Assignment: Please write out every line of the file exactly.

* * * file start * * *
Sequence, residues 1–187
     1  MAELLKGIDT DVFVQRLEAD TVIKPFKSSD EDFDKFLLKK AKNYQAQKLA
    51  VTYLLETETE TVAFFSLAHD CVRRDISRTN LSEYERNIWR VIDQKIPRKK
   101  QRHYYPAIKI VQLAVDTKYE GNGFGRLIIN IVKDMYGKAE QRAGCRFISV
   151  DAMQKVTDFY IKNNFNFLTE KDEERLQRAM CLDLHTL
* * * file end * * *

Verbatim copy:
Sequence, residues 1–187
     1  MAELLKGIDT DVFVQRLEAD TVIKPFKSSD EDFDKFLLKK AKNYQAQKLA
    51  VTYLLETETE TVAFFSLAHD CVRRDISRTN LSEYERNIWR VIDQKIPRKK
   101  QRHYYPAIKI VQLAVDTKYE GNGFGRLIIN IVKDMYGKAE QRAGCRFISV
   151  DAMQKVTDFY IKNNFNFLTE KDEERLQRAM CLDLHTL